June 3, 2015 marked the closing of Canada’s Truth and Reconciliation Commission, organized by the parties of the Indian Residential Schools Settlement Agreement. On June 9, 2015, the Canadian Senate passed omnibus anti-terrorism legislation, Bill C-51. PEN Canada board member Paul Seesequasis reflects on the impact of this legislation, and framings of indigenous peoples as a threat to be surveilled. This piece was originally published in the Globe and Mail, June 22, 2015.
Bill C-51 is a threat to reconciliation
It is ironic that the same week the Truth and Reconciliation Commission was closing in Ottawa, the federal government’s new security bill, C-51, passed Parliament. With talk of reconciliation from many perspectives and much public dialogue about a new relationship with indigenous peoples in Canada, the majority of Canada’s members of Parliament voted in a bill that impedes reconciliation and threatens our fundamental rights.
Making a connection between the history of residential schools and a bill ostensibly designed to fight terrorism may seem to be verging on the disingenuous, but it is not. Residential schools were about surveillance. They were about monitoring. They were about brain washing and, dare I say the word, genocide. The sell on Bill C-51 is that it will not affect law-abiding citizens, but instead enable Canada’s security services to stop ISIS-inspired threats and other forms of terrorism.
But the definitions are broad, as has been pointed out by many critics of the bill. And, importantly, even the most cursory of glances at Canada’s history with indigenous people, from the initial land thefts, to wars, to disease, to the Indian Act and residential schools, reveals that the state has consistently viewed indigenous aspirations for sovereignty and respect as a threat to security.
Reconciliation is about healing, but healing cannot begin in a meaningful way if rights are curtailed, if wrongs are not addressed and if the air of suspicion is not lifted against peaceful protest. How would the broad powers of C-51 have been utilized to deal with the Oka crisis, Ipperwash, Kinder Morgan, Haida Gwaii, Idle No More and other protests? We know that the completely peaceful activities of spokespeople, such as Pam Palmater and Cindy Blackstock, were monitored prior to the passing of Bill C-51, so it should be no surprise that many indigenous individuals and organizations look at this bill as the latest infringement on inherent rights. Our ability to protest, which has historically been essential to calling attention to injustice and defending our communities, is slowly being diminished.
Idle No More was, at its heart, a spontaneous act of indigenous youth saying they’d had enough of a broken status quo. The round dances and flash mobs that took place across the country, and indeed the world, were not directed by any particular political organization or individual, they were grassroots actions that left an impression that went far beyond “Native issues.” With its lack of oversight or watchdog body, the expanded powers available through Bill C-51, could allow authorities to identify young people taking part in a round dance as a threat to Canadian security. It could put participants of a peaceful flash mob under information/intelligence gathering surveillance and preventative detention and disruption tactics. Peaceful drumming and singing could be met with force and our songs, language, drums and ceremonies could be viewed as a threat. As with any other form of public speech, these expressions of culture and heritage should be protected and not put at risk of criminalization.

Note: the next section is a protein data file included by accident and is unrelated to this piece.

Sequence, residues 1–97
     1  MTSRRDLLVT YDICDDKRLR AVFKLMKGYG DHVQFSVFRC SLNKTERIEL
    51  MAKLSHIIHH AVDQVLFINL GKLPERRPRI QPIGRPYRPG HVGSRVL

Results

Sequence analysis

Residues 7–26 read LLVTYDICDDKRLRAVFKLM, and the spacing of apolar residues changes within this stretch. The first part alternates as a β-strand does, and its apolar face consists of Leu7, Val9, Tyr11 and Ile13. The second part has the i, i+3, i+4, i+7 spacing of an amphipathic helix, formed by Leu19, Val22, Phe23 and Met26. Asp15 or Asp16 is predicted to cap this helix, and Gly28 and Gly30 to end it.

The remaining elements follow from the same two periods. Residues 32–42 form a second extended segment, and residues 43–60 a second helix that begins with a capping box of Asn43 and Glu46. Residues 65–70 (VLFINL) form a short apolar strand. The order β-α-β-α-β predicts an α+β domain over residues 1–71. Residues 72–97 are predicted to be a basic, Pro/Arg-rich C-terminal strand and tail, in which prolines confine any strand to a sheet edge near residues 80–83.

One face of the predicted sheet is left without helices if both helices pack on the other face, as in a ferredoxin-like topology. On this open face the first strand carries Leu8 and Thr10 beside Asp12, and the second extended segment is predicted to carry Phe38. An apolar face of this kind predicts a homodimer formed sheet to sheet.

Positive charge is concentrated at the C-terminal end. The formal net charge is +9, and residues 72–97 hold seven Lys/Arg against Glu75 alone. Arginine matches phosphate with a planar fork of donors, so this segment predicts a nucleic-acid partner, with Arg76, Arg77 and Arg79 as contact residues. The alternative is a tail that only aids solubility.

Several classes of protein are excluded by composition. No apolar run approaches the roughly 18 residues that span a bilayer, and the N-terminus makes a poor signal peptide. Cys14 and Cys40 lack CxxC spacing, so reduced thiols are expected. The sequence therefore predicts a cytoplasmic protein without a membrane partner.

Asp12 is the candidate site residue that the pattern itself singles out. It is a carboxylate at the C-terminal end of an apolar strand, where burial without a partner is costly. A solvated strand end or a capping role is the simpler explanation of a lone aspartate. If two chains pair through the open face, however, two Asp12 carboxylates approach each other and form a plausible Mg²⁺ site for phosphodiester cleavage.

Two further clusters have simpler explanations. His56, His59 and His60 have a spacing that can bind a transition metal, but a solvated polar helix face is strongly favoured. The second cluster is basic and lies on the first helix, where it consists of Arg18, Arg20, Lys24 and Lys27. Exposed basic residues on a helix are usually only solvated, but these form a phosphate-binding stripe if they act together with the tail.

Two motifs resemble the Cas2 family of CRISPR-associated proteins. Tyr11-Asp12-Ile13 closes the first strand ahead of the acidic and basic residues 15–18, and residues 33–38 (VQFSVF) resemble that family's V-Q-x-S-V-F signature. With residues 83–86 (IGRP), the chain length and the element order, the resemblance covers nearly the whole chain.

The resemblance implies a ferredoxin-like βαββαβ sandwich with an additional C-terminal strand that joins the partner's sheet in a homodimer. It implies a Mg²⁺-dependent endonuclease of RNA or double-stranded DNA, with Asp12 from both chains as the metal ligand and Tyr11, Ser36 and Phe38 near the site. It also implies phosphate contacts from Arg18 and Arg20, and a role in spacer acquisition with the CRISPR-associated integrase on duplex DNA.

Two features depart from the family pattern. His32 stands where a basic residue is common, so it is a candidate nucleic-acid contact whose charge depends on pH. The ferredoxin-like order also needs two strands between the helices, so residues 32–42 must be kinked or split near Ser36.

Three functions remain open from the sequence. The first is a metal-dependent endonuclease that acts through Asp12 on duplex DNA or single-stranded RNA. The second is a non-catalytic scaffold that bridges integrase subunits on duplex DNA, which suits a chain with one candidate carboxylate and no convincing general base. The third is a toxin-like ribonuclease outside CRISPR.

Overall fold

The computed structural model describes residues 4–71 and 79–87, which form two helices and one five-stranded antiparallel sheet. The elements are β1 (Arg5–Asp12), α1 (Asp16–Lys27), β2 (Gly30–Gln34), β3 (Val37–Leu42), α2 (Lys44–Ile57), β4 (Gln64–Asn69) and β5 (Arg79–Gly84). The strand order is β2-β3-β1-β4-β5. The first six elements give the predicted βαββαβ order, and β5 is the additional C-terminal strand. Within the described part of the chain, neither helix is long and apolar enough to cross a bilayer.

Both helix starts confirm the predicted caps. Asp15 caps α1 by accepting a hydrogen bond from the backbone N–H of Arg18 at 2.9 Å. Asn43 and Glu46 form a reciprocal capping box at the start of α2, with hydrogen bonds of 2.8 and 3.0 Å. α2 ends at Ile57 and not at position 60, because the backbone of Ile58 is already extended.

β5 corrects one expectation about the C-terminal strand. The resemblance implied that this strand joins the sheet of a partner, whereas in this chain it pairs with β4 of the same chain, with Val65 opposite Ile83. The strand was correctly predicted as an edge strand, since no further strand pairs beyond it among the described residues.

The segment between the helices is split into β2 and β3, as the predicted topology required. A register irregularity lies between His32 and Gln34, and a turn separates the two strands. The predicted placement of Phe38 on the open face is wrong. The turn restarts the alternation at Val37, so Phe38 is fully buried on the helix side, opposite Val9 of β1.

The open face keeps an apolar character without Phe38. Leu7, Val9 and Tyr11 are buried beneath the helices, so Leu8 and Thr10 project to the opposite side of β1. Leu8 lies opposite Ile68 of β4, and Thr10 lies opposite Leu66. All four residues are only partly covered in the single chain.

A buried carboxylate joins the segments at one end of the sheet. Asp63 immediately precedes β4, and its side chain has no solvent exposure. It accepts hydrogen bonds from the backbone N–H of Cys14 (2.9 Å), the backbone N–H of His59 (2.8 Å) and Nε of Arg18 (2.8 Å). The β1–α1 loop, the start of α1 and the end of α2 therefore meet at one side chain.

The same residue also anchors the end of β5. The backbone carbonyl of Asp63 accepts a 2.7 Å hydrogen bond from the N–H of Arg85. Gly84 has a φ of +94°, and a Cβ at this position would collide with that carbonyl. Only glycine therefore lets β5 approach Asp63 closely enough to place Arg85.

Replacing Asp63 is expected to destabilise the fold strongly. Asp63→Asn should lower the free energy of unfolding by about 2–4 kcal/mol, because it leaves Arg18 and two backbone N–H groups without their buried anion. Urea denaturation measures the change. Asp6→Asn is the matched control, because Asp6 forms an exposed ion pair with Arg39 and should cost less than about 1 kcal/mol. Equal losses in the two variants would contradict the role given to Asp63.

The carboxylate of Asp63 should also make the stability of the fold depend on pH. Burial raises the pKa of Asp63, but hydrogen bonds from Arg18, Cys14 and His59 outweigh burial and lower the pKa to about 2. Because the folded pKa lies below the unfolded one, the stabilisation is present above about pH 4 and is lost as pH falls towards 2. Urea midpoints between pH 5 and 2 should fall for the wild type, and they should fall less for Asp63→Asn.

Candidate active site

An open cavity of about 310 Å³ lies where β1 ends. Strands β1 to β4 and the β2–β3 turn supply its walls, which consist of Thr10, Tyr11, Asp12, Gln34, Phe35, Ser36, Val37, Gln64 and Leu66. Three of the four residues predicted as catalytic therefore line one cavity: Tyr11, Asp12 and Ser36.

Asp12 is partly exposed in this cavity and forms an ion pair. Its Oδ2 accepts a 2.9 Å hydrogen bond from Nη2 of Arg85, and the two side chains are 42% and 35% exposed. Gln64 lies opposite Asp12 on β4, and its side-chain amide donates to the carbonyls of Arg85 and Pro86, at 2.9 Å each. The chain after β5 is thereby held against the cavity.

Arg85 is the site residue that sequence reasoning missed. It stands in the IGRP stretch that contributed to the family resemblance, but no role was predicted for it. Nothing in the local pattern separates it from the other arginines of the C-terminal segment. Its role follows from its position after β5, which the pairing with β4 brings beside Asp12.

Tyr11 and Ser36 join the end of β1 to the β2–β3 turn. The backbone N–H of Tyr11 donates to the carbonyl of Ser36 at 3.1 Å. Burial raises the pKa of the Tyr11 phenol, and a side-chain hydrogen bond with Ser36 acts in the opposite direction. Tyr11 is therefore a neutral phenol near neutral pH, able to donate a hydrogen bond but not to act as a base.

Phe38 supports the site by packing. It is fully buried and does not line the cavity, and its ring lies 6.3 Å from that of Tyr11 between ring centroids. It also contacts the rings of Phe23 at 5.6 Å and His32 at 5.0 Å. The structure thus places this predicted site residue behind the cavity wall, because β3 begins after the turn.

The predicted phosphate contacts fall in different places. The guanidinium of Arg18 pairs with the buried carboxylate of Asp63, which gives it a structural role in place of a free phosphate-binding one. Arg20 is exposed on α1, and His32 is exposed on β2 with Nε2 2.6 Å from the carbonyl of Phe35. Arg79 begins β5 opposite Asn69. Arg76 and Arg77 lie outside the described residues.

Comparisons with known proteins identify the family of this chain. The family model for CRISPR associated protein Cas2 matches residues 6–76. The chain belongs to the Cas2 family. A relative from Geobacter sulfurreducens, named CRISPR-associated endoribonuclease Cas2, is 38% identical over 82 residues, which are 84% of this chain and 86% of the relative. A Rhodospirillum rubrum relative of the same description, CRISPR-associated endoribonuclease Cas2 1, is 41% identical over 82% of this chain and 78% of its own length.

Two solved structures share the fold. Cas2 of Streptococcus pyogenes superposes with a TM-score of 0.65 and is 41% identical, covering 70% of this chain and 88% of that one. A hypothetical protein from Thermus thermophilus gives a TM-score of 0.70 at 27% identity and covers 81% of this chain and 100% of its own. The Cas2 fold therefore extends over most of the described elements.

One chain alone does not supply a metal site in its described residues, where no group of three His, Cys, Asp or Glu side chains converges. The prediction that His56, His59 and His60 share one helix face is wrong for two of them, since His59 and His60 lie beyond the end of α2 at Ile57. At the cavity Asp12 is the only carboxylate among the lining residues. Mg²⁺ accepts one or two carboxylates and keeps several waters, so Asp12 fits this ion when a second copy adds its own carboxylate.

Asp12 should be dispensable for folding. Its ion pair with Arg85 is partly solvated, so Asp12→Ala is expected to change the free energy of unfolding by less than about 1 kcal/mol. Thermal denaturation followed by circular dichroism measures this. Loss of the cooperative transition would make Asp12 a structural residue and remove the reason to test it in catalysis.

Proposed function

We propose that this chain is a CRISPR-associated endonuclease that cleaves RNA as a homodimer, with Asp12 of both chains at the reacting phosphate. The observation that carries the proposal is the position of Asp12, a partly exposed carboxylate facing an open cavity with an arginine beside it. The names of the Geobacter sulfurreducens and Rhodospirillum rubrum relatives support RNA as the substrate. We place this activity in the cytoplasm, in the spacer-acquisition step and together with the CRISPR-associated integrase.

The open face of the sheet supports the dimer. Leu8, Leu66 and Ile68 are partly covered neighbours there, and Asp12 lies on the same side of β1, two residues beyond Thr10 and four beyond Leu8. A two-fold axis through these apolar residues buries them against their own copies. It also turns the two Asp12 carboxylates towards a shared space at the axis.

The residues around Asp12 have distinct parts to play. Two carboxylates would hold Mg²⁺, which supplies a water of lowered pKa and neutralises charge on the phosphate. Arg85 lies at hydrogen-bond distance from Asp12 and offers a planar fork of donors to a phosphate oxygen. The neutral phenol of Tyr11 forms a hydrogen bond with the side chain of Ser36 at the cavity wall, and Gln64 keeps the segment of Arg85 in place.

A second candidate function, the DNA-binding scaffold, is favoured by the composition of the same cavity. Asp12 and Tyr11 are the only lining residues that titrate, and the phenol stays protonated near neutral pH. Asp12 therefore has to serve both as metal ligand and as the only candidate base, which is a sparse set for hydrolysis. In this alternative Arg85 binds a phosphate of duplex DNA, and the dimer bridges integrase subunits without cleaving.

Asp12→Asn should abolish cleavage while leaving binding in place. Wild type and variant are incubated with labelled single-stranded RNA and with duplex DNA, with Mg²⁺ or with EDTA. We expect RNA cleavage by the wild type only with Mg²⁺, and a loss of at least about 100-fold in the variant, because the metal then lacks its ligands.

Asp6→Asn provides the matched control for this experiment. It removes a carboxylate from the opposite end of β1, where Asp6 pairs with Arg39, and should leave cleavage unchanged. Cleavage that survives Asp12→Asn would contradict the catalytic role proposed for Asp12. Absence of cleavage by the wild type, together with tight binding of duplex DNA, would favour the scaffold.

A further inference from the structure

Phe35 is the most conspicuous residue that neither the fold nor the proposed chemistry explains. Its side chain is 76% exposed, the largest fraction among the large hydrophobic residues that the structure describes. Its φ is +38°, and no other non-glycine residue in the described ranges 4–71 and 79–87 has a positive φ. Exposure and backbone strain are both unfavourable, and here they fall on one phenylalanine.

No ethnic or social group in the history of Canada has been as monitored, legislated, disenfranchised and had their freedoms curtailed as indigenous peoples. The work of the Truth and Reconciliation Commission has raised the general awareness of many in Canada to the horrors and abuses of the residential school system. It is a page of history I’m sure some want to close permanently by simply apologizing. But no, there is much more to it then that.
So when we consider a word like “Reconciliation,” let us consider it within the framework of the actions we undertake, the laws we introduce and how we conduct ourselves as a society. Are we a democratic society or a society where there is a hidden curtain and a watchful eye that decides who is, or is not, a threat? With this in mind, it may be easier to appreciate why, for many indigenous individuals and organizations, Bill C-51 is viewed as a warning.
Photo: Thien V